Saturday, April 29, 2017

Unscientific Alternative Medicine

The history of alternative medicine refers to the history of a group of diverse medical practices that were collectively promoted as "alternative medicine" beginning in the 1970s, to the collection of individual histories of members of that group, or to the history of western medical practices that were labeled "irregular practices" by the western medical establishment. It includes the histories of complementary medicine and of integrative medicine. "Alternative medicine" is a loosely defined and very diverse set of products, practices, and theories that are perceived by its users to have the healing effects of medicine, but do not originate from evidence gathered using the scientific method, are not part of biomedicine, or are contradicted by scientific evidence or established science. "Biomedicine" is that part of medical science that applies principles of anatomy, physics, chemistry, biology, physiology, and other natural sciences to clinical practice, using scientific methods to establish the effectiveness of that practice.

Much of what is now categorized as alternative medicine was developed as independent, complete medical systems, was developed long before biomedicine and use of scientific methods, and was developed in relatively isolated regions of the world where there was little or no medical contact with pre-scientific western medicine, or with each other's systems. Examples are Traditional Chinese medicine and the Ayurvedic medicine of India. Other alternative medicine practices, such as homeopathy, were developed in Western Europe and in opposition to western medicine, at a time when western medicine was based on unscientific theories that were dogmatically imposed by western religious authorities. Homeopathy was developed prior to discovery of the basic principles of chemistry, which proved homeopathic remedies contained nothing but water. But homeopathy, with its remedies made of water, was harmless compared to the unscientific and dangerous orthodox western medicine practiced at that time, which included use of toxins and draining of blood, often resulting in permanent disfigurement or death. Other alternative practices such as chiropractic and osteopathic manipulative medicine, were developed in the United States at a time that western medicine was beginning to incorporate scientific methods and theories, but the biomedical model was not yet totally dominant. Practices such as chiropractic and osteopathic, each considered to be irregular by the medical establishment, also opposed each other, both rhetorically and politically with licensing legislation. Osteopathic practitioners added the courses and training of biomedicine to their licensing and licensed Doctor of Osteopathic Medicine holders began diminishing use of the unscientific origins of the field, and without the original practices and theories, is now considered the same as biomedicine.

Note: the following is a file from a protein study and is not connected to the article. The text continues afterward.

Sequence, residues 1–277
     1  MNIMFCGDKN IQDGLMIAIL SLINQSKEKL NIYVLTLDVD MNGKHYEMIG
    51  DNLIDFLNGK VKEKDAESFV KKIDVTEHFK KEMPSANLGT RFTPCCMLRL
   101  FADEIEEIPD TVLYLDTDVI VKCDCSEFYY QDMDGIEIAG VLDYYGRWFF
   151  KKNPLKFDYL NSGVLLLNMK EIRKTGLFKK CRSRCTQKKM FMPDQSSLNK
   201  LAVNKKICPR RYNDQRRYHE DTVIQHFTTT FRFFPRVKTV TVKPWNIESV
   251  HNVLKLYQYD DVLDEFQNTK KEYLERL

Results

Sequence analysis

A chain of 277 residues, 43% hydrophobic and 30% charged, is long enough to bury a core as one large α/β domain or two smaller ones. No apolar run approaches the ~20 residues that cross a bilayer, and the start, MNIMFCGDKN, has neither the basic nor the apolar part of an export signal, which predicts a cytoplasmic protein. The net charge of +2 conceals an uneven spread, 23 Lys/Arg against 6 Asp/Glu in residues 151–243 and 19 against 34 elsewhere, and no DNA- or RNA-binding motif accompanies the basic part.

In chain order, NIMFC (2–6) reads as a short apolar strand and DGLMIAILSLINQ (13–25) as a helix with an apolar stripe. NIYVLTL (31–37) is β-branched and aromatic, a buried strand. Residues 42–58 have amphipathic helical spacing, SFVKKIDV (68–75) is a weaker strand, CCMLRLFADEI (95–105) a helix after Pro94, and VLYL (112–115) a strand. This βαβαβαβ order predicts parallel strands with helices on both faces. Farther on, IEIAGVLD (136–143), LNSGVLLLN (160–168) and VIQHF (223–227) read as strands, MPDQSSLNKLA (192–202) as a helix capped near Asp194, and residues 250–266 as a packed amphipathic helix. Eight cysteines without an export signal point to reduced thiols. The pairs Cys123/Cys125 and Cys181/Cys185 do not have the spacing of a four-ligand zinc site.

Alternative Medicine Relative to Scientific Medicine

The term alternative medicine refers to systems of medical thought and practice which function as alternatives to or subsist outside of conventional, mainstream medicine. Alternative medicine cannot exist absent an established, authoritative and stable medical orthodoxy to which it can function as an alternative. Such orthodoxy was only established in the West during the nineteenth century through processes of regulation, association, institution building and systematized medical education.

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